The Bowflex Xtreme 2SE features Bowflex’s exclusive power rod technology to create resistance. Power rods work much like a bow, providing increased tension as each rod’s curve becomes tauter and easing as the rod straightens. The Xtreme 2SE comes standard with 210 pounds of resistance, but you can upgrade to either 310 or 410 pounds. Being able to upgrade is important because it makes your workouts more challenging as your muscles get stronger.
The Xtreme 2SE gives you more than 70 exercises, for a versatile full body workout. It has high, mid and low-pulley stations, and you can purchase an optional leg press. Priced at nearly $1,600, this machine costs more than double the Body-Solid Powerline BSG10X, which we named our best value, but it wasn’t the most expensive machine we reviewed. The Total Gym FIT has an MSRP over $2,000, and the Bodycraft Galena Pro comes in at just under two grand. However, Nautilus Fitness Adviser Tom Holland says the higher price tag isn’t necessarily a red flag.
“Invest in a quality home gym,” he said. “Sure, they can be expensive, but you get what you pay for. Cheap is usually just that: cheap. Buy a home gym that is safe, sturdy, reliable and that will last for years to come.”
The Bowflex Xtreme 2SE can accommodate one user at a time, with a maximum user weight of 300 pounds. The Yukon Wolverine can have up to four users, but its user weight limit is 25 pounds less. If you’re looking for a machine that works for heavier users, the Total Gym FIT has a weight limit of 450 pounds.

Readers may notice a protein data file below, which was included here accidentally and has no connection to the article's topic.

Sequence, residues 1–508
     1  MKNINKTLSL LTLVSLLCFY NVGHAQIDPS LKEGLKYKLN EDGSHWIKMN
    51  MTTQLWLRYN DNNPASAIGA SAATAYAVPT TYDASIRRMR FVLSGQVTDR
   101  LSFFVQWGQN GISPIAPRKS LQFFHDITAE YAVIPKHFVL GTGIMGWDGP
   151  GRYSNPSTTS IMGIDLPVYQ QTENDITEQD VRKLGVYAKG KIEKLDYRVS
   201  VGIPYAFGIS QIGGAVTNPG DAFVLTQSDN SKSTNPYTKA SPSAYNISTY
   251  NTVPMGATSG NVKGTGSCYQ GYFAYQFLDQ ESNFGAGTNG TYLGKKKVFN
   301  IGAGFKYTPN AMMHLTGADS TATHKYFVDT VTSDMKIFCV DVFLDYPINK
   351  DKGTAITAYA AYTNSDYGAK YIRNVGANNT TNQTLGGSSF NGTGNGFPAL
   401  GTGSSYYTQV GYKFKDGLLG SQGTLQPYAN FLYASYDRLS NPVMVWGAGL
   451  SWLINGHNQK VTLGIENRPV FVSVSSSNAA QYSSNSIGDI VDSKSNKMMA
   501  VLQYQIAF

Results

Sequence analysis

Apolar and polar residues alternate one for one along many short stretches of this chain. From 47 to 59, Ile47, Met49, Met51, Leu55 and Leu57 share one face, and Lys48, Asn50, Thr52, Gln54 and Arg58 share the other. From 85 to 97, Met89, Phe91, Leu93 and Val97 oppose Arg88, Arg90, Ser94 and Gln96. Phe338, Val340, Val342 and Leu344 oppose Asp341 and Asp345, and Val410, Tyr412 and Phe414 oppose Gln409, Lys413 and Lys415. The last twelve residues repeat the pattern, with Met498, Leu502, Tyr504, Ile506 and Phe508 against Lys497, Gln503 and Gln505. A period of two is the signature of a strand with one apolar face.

The footprint of the Xtreme 2SE is a modest 53 x 49 x 82 feet (length, width and height). At 185 pounds, the machine is lighter than most home gyms because power rods weigh less than weight stacks. If you’re looking for the lightest home gym we reviewed, the Total Gym FIT weighs just 66 pounds and uses your own body weight to create its resistance.
The Bowflex comes with an ab crunch shoulder harness and a squat bar. Its user guide provides seven trainer-designed workouts that include body shaping routines, strength and bodybuilding routines and workouts for both aerobic and anaerobic conditioning. To increase the machine’s versatility, you can purchase a leg press, stirrup handle and ankle strap. You can also buy a rubber floor mat.
Although you don’t have to change cables in between exercises, users of the Xtreme 2SE say you do have to change handholds. Also, the machine doesn’t come with instructional videos, so using it may require some trial and error. If you need help beyond the machine’s printed user guide, Bowflex customer service is available by phone, email, live chat and Facebook. When we reached out with questions, the company was responsive.
If you’re looking for a home gym with a lifetime warranty on its frame, the Xtreme 2SE’s seven years may not impress you. However, Bowflex does guarantee its power rods for a lifetime.